Monthly Archives: September 2013

455. Postcards From the Wedge

postcardsfromthewedgeOriginal airdate: March 14, 2010

The premise: The school informs Bart’s parents of his lengthy track record of not doing any homework; in response, Homer cracks the whip, while Marge has a more sympathetic outlook. Noticing the opposite reactions, Bart sets his parents against each other to get out of doing schoolwork, but when he does, finds his pranking isn’t as fun without the thrill of potentially being punished.

The reaction: Another episode starring Anti-Bart; worrying about school and what his parents think of him? Who is this character? A lot of this felt like “Itchy & Scratchy: The Movie” in reverse, particularly in showing Homer and Marge with reverse points of view. In that episode, Marge is the actual attentive parent, so seeing her concerned with her son’s behavior at school makes sense. Similarly, Homer is completely oblivious, and is easily manipulated and won over, so him being a pushover to Bart’s whims also is logical. Here, they’re switched, and it makes no sense, delving further into the bizarre once they resolve their marital spat, openly vowing to put their marriage before their kids. Homer I can meet halfway about this, but Marge?! No fucking way. Then Bart sets himself up to get caught pulling a mega prank and basks in the glory of his punishment. Remember the kid who wantonly smashed mustard packets into the carpet with a hammer for no reason other than he was a rambunctious ten-year-old? Whatever happened to that little scamp?

Three items of note:
– We open with a filmstrip being shown in Krabappel’s class of a city of the future, a surprisingly well done piece aping 1950s style designs. It’s not particularly funny, but it captures the spirit and the look of those old Tex Avery “[blank] of Tomorrow” shorts. It certainly is the first thing I’ve enjoyed this whole season, and we’re at what, episode fourteen?
– The underground train station actually boasts some very well designed sets, they were very interesting to look at. Kinda reminded me of the D.C. train tunnels in Fallout 3. There’s some pretty good artistry in this episode, too bad the story is so boring.
– It’s funny how big things can happen in these new episodes without any sort of elaboration or reaction. We’re introduced to the railway in act three, which Bart activates, causing monstrous tremors all throughout the town. This surely would create some kind of panic that Quimby would have to address, but instead, it’s just glossed over completely. I feel some of these episodes introduce elements or brush up against plot turns that could be interesting if explored, but doesn’t even bother to try.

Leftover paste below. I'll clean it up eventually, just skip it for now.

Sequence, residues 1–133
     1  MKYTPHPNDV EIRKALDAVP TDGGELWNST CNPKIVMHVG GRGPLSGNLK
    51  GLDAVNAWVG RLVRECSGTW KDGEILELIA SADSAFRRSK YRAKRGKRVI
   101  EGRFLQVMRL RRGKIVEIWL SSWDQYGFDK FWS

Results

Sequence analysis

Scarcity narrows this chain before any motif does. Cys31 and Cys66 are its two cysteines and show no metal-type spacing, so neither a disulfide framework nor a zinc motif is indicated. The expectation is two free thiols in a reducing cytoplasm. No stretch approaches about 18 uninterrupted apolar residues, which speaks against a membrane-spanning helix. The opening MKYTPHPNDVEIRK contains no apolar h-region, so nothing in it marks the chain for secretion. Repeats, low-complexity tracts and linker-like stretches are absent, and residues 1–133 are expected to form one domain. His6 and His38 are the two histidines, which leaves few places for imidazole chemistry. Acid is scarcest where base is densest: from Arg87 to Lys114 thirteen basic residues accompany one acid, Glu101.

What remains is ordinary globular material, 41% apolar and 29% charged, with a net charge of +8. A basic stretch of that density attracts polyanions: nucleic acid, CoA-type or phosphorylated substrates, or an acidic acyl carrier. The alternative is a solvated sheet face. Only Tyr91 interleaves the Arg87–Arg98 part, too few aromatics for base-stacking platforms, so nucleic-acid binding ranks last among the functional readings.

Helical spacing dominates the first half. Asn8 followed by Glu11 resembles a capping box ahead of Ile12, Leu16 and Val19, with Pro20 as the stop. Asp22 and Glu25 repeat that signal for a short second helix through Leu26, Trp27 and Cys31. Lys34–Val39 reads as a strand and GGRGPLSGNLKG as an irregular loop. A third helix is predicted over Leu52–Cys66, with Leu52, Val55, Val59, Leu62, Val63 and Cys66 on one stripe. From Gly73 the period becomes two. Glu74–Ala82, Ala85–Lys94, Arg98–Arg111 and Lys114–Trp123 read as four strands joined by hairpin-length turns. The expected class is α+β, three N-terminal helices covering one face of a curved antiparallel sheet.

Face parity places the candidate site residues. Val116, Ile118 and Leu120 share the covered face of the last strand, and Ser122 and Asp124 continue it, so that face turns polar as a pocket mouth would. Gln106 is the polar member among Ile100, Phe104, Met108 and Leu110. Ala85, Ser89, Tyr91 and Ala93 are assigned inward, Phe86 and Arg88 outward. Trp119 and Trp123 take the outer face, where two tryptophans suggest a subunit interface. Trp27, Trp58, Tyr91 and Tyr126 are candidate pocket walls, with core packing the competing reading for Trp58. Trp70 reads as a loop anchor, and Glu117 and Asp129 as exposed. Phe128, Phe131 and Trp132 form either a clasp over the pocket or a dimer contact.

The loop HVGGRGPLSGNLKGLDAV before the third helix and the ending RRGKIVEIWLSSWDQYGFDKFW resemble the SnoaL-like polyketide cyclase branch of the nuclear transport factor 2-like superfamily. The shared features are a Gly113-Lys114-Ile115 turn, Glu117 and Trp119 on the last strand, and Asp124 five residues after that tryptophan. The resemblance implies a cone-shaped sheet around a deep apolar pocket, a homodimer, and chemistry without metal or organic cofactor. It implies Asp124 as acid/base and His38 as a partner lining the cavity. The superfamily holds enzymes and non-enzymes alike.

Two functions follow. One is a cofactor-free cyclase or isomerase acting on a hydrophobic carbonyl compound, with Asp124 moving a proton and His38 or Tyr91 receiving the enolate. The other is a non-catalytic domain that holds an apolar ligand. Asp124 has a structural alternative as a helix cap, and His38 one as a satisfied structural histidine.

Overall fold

One good line/moment: There are actually a couple good bits here. My favorite is where Bart is chasing the letter to the school mail room, dives past the mail slot and right under a similar slot marked “Ice Cream Wrappers.” Then he’s buried under a bunch of wrappers. It was so weird and well timed, it actually made me laugh.

454. The Color Yellow

thecoloryellowOriginal airdate: February 21, 2010

The premise: In researching the Simpson family tree, Lisa uncovers the diary of a young 19th century girl who wrote of her attempts to free a slave belonging to Mr. Burns’ ancestor. She continues to dig deeper and deeper to find the full story, hoping to find at least one Simpson in history of noble character.

The reaction: This show has forgotten to make jokes in the past, but here, it seems like they weren’t even trying to do comedy, but craft this historical mystery instead. Too bad none of it is interesting or entertaining. And none of it really makes much sense. The episode is about Lisa hoping there will be redemption for her 1860s counterpart, then when she’s discredited by an out-of-character antagonistic Milhouse, she’s gone from the episode. Then all of a sudden it’s 1860s Marge who saves the day, moving with the slave Virgil to Canada. So is 1860s Homer not in the Simpson blood line at all? And did 1860s Marge just up and abandon her daughter, the girl we were supposed to care about the whole show? And did they eventually move back to Springfield after leaving? Who gives a shit. This felt like an extended version of those three-story episodes, except with zero attempts at humor.

Three items of note:
– “The motto of the Simpsons is quit while you’re ahead!” Do the writers include lines like this on purpose?
– It really is stunning how little comedy there was attempted here. I mean, were they so proud of themselves and this historical “drama” they cooked up that they felt it would be worth playing it straight? The scene of 1860s Burns talking down to Lisa to set her straight felt so scathing, with no snarky capper or anything. I think they were really trying to be serious here… but why? WHY?
– Homer randomly forbids Lisa to read on in the diary, and Grampa out of nowhere provides all the necessary information about our story’s conclusion. Why is this? Never explained. Oh, except for a quick off-the-cuff line about Abe being a racist. Funny!

One good line/scene: Once again, a sign gag (Celebrating Black History Month. Coming Soon: March).

453. Boy Meets Curl

boymeetscurlOriginal airdate: February 14, 2010

The premise: Homer and Marge’s marriage gets a new spark when they take up interest in curling. They partner up with Skinner and Agnes, and eventually are invited to try out for the Winter Olympics upon its admission of the sport to their games. Tensions arise when Agnes wants to urge Homer off the team, and later Marge sprains her shoulder to cover for him during a game. But then they bounce back and win the gold! Hoooraaaay… whoooo carrrees…